Istvan Martinka

Istvan Martinka

Istvan Martinka

Istvan is a Hungarian data warehouse guy living in New Zealand for the part 9 years. He studied economics and have a MSc degree. He ended up in the IT world after being thrown into the deep water of Business Intelligence by migrating SSAS OLAP cubes as his IT first project in 2007 (now it could be called the depths of a data lake…).

Since then he has dealt with every component of the Microsoft BI stack (all the S-es) and now he's finding his way into the clouds, without being clouded by its marketed potential and staying realistic.

He has spent 9 years consulting for various clients in many different industries and he still enjoys dealing with the nitty-gritty troubleshooting (such as "Why doesn't this Azure DB connection manager work?"), modelling data warehouse / data marts and anything in between: requirements gathering/analysis, development, implementation, …

The experience he gathered throughout the years helped him becoming a Microsoft Certified Solutions Expert in the field of Business Intelligence.

He currently works for Farmlands, one of the largest agricultural cooperatives in New Zealand, developing and extending their data warehousing solutions.

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Istvan Martinka

How to connect and perform a SQL Server database restore from Azure BLOB storage

April 18, 2018 by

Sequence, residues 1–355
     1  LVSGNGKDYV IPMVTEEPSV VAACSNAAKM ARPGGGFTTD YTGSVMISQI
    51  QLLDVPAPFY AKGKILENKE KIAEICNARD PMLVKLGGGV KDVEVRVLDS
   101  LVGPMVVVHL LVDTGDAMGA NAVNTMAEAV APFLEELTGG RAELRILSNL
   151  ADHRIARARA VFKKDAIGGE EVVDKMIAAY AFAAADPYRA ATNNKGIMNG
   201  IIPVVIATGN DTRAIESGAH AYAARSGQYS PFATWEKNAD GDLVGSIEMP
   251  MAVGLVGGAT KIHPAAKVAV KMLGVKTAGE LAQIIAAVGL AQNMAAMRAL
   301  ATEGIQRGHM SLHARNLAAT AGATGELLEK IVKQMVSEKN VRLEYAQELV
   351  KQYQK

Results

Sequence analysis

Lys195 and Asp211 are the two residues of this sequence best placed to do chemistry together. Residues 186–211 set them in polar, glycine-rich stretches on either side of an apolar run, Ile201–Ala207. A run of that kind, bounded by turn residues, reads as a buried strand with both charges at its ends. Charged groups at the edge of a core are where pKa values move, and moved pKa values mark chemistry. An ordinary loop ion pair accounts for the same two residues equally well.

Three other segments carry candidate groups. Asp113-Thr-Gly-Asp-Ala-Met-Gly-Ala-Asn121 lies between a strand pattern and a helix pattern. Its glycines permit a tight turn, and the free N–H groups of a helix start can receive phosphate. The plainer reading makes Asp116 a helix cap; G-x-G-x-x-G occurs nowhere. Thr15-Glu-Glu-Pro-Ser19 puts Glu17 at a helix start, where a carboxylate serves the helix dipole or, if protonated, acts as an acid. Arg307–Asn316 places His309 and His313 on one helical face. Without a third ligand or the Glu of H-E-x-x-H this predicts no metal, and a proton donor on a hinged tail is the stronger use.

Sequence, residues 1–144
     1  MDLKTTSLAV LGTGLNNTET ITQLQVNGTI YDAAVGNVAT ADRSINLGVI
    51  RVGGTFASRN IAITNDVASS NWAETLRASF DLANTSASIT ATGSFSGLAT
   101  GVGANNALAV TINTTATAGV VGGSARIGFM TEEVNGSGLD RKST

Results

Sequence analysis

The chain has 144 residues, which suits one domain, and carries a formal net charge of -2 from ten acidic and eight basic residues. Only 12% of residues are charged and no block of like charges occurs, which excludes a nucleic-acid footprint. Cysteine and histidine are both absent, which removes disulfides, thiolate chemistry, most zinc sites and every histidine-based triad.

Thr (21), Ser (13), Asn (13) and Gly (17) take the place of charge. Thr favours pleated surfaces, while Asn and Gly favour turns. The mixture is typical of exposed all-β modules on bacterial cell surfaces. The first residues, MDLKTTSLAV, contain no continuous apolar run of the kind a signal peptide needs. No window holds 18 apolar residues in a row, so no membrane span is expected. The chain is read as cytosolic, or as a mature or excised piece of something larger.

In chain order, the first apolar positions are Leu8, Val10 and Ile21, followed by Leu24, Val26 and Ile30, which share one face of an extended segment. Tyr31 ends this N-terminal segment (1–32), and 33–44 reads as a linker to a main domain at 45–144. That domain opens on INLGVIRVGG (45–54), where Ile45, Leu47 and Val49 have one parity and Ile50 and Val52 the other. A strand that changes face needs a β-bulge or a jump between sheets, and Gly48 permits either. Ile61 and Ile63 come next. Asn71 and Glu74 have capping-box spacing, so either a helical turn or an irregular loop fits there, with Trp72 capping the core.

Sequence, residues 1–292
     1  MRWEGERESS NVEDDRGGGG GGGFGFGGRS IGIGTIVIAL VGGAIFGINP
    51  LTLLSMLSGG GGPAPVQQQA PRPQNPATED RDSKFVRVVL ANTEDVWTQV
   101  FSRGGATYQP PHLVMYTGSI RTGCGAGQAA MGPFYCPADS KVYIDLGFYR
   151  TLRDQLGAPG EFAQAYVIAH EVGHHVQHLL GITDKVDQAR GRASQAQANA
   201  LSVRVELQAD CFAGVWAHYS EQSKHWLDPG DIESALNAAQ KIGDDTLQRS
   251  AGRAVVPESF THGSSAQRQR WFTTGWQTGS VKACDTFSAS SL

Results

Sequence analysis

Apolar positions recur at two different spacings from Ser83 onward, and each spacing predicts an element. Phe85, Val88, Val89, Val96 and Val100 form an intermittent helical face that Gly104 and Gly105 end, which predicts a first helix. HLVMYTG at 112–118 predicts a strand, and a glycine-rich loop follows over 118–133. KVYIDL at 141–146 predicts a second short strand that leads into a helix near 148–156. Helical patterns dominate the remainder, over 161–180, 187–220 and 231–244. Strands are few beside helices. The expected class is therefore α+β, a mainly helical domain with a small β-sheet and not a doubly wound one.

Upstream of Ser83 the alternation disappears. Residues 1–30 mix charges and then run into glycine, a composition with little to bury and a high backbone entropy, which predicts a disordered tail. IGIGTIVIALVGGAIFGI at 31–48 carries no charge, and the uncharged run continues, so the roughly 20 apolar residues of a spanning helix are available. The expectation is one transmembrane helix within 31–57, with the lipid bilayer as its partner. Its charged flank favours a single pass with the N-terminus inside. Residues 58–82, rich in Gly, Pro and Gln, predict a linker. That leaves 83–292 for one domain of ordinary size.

Having things in the cloud should make life simpler but I have experienced it’s not that straightforward. Once all access / configuration is sorted out then yes, of course! But in the meantime it can be tedious (even frustrating) and the end result is something that could have been achieved with a different method.

I think a significant chunk of what Azure offers is easier to do with the more conventional methods but that separates us from the advanced Azure features that a company would like to utilize in the shorter / longer term future. So there are reasons to spend some time / effort in getting things right up there.

In my case the task I needed to accomplish sounded simple enough:

  • get a SQL Server database backup (.bak file) from Azure blob storage
  • copy it to our own environment and restore it to a SQL Server instance on an Azure Windows VM
  • or skip the copy step and restore straight from blob storage
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